I received an email yesterday from a deployed Company Commander who asked the following question in reference to Post #106 "The Three of You":
"My only question that may cause more writing is, what happens when one of the three of "You" dominates? How do you balance or should you balance? Sometimes leadership involves acting like you know what you are doing, even when you don't have clue. I do believe some of this acting is for the benefit of the group you are leading. Leadership is often times "showmanship" until you can catch up on the learning curve."
And then this morning I received a comment on #116 from JD that caught my eye as well. I'll include the exchange here as well.
I had written:
"I think one of the interesting parts of this whole line of discussion has to do with how little of it has anything to do with the Army. Becoming properly oriented and self-aware has become the study of my entire life - not just my time in the Army. I think this is a critical area for leader development - recognizing that who you are as an Army leader will have a lot more to do with who and what your formative experiences have created in you, and a lot less of what the Army may or may not have taught you. My orientation to the world is derived from the totality of my life, its' successes, failures, joys, sorrows, hurts, losses etc. Those form me, they form the narrative that is me. I then take that narrative and bring it to the Army. I conform the Army value system and ethic into my orientation, not the other way around."
JD replied with this:
Fen..I love what you just wrote!...really nicely written and thought out....mind if I cut and paste it?!....looks to me like "content and curriculum" for teaching and practicing self-awareness. And you are right, it has nothing to do with the Army...but if leaders in the Army know it and practice it, they will be better leaders....and will serve our Soldiers much better."
Last night I was thinking over the showmanship piece with a friend of mine and she asked me what my thoughts were. I told her that I thought that a lot of times this showmanship equaled the public 'You' that I had spoken of in #106. The persona developed to instill confidence in others and live up to the expectations of the organization. The persona that you take on that you think meets the expectations of senior, peers, and subordinates. The person you become once you get immersed into the organizational culture so much that you cannot exactly remember who you are.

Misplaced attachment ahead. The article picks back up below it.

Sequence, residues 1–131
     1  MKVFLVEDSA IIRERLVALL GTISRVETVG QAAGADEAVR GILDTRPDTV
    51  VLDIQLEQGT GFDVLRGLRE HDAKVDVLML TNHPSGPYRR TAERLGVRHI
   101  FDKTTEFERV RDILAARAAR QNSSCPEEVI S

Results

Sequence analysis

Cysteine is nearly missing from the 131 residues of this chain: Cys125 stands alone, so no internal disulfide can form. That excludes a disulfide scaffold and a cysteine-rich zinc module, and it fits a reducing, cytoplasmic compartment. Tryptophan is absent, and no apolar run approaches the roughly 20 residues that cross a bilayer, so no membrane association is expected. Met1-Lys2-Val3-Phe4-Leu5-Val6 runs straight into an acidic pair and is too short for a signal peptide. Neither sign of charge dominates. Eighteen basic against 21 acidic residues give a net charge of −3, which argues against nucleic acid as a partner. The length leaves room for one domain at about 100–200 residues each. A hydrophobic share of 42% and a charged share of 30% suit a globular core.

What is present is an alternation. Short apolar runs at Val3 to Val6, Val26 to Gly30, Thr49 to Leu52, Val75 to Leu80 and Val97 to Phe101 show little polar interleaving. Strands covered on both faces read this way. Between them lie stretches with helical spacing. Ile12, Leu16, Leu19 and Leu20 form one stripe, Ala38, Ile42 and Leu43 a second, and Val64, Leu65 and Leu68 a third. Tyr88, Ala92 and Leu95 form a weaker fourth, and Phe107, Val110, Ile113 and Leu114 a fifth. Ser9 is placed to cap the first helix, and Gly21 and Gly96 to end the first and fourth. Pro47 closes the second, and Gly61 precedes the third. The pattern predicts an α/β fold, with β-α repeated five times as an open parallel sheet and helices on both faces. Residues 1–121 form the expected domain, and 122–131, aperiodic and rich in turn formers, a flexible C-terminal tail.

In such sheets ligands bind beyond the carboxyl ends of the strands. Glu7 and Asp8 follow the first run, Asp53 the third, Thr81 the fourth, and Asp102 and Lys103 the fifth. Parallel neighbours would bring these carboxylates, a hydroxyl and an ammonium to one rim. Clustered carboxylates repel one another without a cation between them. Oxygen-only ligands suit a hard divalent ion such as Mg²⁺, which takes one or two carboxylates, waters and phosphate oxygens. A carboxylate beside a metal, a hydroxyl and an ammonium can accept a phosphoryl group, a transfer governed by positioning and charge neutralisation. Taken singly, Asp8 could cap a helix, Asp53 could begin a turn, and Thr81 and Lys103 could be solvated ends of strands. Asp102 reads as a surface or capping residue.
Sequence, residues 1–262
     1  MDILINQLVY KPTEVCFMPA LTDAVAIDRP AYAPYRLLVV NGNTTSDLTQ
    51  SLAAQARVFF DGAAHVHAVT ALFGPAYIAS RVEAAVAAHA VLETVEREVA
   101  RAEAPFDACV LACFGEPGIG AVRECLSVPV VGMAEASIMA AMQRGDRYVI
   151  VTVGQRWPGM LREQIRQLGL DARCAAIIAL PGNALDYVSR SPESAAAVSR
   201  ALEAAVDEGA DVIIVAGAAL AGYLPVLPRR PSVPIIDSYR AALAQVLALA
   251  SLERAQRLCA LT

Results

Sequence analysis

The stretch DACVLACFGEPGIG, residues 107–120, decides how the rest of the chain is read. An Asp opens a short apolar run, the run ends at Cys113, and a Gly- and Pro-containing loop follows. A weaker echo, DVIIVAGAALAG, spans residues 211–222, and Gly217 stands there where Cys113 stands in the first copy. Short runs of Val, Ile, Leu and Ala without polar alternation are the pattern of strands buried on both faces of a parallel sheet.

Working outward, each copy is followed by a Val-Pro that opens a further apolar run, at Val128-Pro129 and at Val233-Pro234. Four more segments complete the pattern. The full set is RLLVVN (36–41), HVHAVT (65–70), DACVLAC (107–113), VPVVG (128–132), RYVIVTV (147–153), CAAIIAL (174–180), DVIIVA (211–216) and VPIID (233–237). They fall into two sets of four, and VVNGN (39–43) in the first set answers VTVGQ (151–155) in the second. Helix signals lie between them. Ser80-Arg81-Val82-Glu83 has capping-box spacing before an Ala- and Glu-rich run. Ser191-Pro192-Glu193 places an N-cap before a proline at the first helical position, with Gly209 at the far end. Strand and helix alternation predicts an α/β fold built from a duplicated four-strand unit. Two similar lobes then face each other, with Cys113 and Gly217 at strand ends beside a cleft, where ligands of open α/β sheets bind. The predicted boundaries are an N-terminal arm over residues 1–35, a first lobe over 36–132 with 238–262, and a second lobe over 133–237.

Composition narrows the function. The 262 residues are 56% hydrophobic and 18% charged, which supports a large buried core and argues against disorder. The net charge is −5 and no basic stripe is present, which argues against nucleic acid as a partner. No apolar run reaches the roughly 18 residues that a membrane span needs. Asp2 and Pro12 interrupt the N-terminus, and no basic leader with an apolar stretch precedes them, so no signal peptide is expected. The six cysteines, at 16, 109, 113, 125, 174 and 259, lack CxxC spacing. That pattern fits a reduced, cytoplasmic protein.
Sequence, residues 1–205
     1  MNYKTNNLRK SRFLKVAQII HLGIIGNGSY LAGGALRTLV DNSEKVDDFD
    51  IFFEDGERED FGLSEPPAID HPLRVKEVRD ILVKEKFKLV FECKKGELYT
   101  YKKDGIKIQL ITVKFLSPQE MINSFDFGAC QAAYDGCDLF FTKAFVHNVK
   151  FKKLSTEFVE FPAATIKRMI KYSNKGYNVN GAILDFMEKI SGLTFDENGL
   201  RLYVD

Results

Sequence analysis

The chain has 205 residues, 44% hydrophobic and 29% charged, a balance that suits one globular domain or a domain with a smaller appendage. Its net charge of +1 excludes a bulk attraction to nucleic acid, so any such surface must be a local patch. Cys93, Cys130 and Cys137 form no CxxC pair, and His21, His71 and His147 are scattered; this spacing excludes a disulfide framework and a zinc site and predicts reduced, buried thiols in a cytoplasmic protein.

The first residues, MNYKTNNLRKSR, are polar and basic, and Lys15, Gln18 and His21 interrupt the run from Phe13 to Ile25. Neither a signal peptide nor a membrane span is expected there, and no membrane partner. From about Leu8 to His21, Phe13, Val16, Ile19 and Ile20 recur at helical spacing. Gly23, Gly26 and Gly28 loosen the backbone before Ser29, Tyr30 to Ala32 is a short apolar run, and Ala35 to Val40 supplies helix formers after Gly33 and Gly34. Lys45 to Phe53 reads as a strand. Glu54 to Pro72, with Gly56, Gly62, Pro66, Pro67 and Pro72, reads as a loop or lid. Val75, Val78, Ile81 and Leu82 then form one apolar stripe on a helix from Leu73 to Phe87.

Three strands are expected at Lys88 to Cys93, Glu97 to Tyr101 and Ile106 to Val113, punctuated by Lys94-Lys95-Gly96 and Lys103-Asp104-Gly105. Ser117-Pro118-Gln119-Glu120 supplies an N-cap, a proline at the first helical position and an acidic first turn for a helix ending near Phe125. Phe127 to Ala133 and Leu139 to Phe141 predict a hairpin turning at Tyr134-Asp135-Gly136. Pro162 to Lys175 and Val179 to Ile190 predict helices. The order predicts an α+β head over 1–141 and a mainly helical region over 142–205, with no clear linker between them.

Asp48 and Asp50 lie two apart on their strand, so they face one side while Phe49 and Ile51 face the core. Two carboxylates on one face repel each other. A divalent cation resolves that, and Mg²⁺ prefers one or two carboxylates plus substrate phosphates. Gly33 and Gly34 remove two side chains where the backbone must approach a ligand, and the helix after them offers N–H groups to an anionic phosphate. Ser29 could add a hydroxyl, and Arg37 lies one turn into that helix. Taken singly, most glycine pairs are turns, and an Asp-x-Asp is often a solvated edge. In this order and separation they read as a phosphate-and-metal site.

My friend didn't necessarily agree that the showmanship portion of a leader equaled a second persona. Her point was that people ultimately follow someone else because they believe strongly in their narrative. They believe in their authenticity. The have faith in their message. Sometimes though, in order to move or motivate people it's necessary to 'go big'. It's not a false representation of you, it's just giving them the parts of your authenticity that they need to hear in a way they need to hear it.
Those things that are truly me have very little to do with my time in the Army. Those formative experiences both inside and outside of the profession are the parts of me that are most true, most real and most authentic. They all have helped create the person I am as a leader.
And that got me thinking about authenticity. It's not a word we often use to describe people, but maybe it ought to be. Have I been an authentic leader? Have you? If we find a way to get Soldiers and leaders to discover and build upon their authentic selves, to draw upon the totality of their lives, to focus on those things that are core components of who they are, we might end up with a lot better leaders and a lot less need for the creation of a second persona designed only for outside consumption. It's a question of people following you, or following a caricature of you. Have you ever thought about that?